Wait til Next Year . . . is making a come back.

I am going to mix a bit of the philosophy of my life into this blog as I continue to highlight some of my baseball card collection. (hoping the card collectors of this world welcome me back)

Its been a tough 18 months for me . . . the Chicago Cubs have had it rough as well.

This site will be devoted to all those who need to define what "wait til next year" means.

Monday, January 19, 2009

Ken Holtzman - 1969 was a "fun" year

A mainstay in the Cubs pitching rotation in the late sixties, Ken Holtzman was the first of the "stars" from the 1969 Cubs team to walk away. Traded to the Oakland Athletics in 1971 (for Rick Monday) Holtzman became part of the "characters of green and gold" who won three consecutive World Series' in '72, '73 and '74. Holtzman joined the staff with Vida Blue, Jim "Catfish" Hunter, Blue Moon Odom and Rollie Fingers.

Holtzman's career started (rookie year was 1965) and ended with the Cubs (1979) but has later admitted that 1969 was "the most fun and exciting" single season ever. Holtzman has five championship rings (including the three mentioned, he also pitched for the division winning A's in 1975 and the 1977 World Series Champion Yankees). Holtzman is the winningest Jewish pitcher of all time with 174, surpassing Sandy Koufax.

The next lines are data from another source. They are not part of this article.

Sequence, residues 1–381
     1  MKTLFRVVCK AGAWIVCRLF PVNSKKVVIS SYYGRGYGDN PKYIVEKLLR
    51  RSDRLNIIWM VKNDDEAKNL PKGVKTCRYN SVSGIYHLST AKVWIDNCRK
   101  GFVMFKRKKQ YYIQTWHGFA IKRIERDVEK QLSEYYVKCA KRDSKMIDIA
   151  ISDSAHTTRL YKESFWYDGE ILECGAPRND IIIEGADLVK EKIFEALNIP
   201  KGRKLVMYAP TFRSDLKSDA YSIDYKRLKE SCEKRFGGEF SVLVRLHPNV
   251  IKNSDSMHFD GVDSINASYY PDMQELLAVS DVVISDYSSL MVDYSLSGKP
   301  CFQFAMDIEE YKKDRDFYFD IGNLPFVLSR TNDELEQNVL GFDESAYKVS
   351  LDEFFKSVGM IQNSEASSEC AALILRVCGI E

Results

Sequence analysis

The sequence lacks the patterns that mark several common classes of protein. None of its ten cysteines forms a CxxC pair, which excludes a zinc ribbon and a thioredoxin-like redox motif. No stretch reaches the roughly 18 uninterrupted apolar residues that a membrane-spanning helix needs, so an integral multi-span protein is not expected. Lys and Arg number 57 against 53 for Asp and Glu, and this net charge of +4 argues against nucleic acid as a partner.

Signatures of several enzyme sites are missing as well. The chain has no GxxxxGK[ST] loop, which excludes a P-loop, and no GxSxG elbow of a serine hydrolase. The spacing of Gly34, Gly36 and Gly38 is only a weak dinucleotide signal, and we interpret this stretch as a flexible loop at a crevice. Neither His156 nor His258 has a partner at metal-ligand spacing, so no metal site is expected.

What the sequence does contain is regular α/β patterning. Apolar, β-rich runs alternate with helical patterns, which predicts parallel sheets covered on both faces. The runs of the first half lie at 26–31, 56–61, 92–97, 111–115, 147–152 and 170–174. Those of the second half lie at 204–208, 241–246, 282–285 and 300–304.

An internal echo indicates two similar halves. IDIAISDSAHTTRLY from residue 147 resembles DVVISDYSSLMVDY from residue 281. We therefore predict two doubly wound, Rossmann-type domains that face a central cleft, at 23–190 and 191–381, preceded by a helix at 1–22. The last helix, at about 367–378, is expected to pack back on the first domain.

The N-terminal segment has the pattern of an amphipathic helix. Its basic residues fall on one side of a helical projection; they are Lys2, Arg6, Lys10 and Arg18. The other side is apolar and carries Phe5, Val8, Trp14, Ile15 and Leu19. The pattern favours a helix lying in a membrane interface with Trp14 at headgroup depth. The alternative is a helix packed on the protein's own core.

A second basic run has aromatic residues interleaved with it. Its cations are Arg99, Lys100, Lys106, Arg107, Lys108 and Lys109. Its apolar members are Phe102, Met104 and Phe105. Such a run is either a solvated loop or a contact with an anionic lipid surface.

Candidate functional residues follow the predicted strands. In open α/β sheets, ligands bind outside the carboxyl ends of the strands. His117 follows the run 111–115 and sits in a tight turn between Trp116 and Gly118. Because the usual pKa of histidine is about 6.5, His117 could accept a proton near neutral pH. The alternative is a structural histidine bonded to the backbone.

Holtzman pitched two no hitters in his career both in a Cubs uniform. Pitching his first on August 19, 1969 at Wrigley field against the Atlanta Braves; some consider the last "good" thing that happened that summer for the Cubs. The Cubs went on to lose 7 of 9 after that August day and their fate had begun. That September of 1969 will always be remembered and never forgotten as the Cubs went 8 - 17. Holtzman himself went 1 - 5 in September yet finished the year with a 17-13 record.

His second no hitter was in 1971 and was the first recorded no hitter in Cincinnati's Riverfront Stadium history. Ken Holtzman was "perfect" in 1967, going 9 and 0, in a season that he pitched weekends only as he served his role in active military service. It is interesting to note that many players of that day had military service commitments and many baseball cards reflect that involvement.

Ken Holtzman always remembers 1969 as the year he had "fun" in losing, the fans of Chicago always remember the "fun" Holtzman too.

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